In 2015, he went to the ruling party and was appointed Minister of Forest and Environment in the UP government. Unable to get a ticket to contest the 2022 assembly elections, he had returned to the SP but left the party after 15 months to go back to the ruling party to contest the by-poll held early this week.

House Of Cards

When homes are not being bulldozed, many of them are seen to collapse like a house of cards due to faulty construction in different parts of UP. In a latest incident at least three people lost their life and 10 others were injured after a double storeyed residential building in the Fatehpur area of UP’s Barabanki district collapsed early this week.

The owner had also lived in the same building which is just a few years old but probably due to faulty construction caved in causing the death of some residents and reducing many to homelessness.

Today builders are a dime a dozen in UP. Most of them have no clue about the art of construction or developing land that is people friendly. Profit alone, and a quick way to get wealthy seems to be the only reason for more and more people entering into the profession of building.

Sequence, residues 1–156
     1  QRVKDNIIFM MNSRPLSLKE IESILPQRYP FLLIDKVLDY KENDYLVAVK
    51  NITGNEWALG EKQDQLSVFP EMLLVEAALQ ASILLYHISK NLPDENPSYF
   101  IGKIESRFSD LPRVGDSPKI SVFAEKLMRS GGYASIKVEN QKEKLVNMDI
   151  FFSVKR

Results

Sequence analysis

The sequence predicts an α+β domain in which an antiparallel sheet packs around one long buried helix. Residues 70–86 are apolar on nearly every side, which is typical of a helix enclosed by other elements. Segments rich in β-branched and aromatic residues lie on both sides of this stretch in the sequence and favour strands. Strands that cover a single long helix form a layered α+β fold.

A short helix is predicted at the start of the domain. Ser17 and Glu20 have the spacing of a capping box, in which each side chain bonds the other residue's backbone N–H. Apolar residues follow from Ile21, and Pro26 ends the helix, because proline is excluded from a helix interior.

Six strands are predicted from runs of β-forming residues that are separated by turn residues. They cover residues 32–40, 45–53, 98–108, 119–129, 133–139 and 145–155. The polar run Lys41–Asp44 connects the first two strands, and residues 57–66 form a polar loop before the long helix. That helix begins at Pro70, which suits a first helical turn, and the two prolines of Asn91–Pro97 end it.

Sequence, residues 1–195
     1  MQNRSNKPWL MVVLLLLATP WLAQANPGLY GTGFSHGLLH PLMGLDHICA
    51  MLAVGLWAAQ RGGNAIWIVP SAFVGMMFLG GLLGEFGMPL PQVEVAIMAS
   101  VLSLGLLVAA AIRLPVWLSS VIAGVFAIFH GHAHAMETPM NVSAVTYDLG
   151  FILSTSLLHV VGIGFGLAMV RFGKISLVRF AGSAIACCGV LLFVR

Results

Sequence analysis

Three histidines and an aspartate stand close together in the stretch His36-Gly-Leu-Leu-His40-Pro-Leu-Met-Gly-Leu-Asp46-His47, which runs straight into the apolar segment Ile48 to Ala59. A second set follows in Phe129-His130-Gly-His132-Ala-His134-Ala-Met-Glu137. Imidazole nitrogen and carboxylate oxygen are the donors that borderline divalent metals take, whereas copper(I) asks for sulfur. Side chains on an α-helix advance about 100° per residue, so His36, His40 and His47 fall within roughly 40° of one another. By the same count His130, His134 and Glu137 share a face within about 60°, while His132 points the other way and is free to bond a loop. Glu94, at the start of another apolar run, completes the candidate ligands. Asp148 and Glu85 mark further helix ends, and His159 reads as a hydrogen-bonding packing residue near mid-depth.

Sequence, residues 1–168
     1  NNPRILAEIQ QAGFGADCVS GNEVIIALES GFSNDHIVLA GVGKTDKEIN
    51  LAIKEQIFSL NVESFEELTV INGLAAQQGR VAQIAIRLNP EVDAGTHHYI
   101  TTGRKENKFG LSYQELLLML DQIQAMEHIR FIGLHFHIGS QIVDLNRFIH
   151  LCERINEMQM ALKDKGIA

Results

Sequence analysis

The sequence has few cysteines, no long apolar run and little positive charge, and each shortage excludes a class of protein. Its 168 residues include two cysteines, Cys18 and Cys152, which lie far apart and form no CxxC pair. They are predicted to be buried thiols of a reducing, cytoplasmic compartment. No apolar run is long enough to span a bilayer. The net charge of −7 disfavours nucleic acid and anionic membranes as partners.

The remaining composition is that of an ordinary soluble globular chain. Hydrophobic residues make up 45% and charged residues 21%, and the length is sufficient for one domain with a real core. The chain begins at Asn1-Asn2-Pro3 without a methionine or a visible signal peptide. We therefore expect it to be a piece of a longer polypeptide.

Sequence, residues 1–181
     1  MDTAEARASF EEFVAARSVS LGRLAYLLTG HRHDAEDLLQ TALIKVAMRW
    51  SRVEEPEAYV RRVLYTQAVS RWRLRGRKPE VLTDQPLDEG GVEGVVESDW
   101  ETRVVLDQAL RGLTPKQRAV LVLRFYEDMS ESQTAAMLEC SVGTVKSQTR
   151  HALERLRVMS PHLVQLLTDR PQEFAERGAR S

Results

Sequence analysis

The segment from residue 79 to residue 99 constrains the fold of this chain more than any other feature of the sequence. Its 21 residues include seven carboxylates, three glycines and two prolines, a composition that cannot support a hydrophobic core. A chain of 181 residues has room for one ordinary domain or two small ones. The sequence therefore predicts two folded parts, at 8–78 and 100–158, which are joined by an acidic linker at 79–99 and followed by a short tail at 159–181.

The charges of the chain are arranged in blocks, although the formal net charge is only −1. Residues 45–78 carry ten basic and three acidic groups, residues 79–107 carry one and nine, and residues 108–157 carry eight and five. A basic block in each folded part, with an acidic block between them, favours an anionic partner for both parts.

Ideally developers develop, and builders build. A professional developer takes raw land, obtains the necessary permits, creates building lots, and puts in the sewers, the water and electric lines, the streets and kerbs.

When these facilities are in place then the builder comes in to erect the house. A builder can also be a developer and the best builders actively work with their clients throughout the construction process to ensure that the building project follows the specifications and results in their dream home.

That means professional builders need to have excellent communication skills on top of being a good leader for their construction workers. However, today most builders and residents have a terrible reputation, and track record of their work.

Most residents complain that builders are not sensitive to their needs and problems. Builders are blamed for cutting costs and running away after they have been paid by residents in return for dangerously poor-quality buildings.

The thought of the tragedy of the collapse of Lucknow’s five-storeyed Alaya Apartments early this year and the death of three innocent lives still brims the eyes with sorrow. Action is still pending against the Yazdan builders blamed for having violated construction norms.

The residents of the Alaya Apartments who survived the tragedy are still unsettled and running from pillar to post to get on with their lives. Some have moved into rented accommodation or are living with relatives. Ranjana Awasthi, a single parent, lost her home and everything that she had earned over a period of three decades.

Along with her daughter, Awasthi is living with friends till both of them are able to earn enough to rent an apartment. The state has not come forward to support Awasthi or other residents like her to rebuild their tattered life.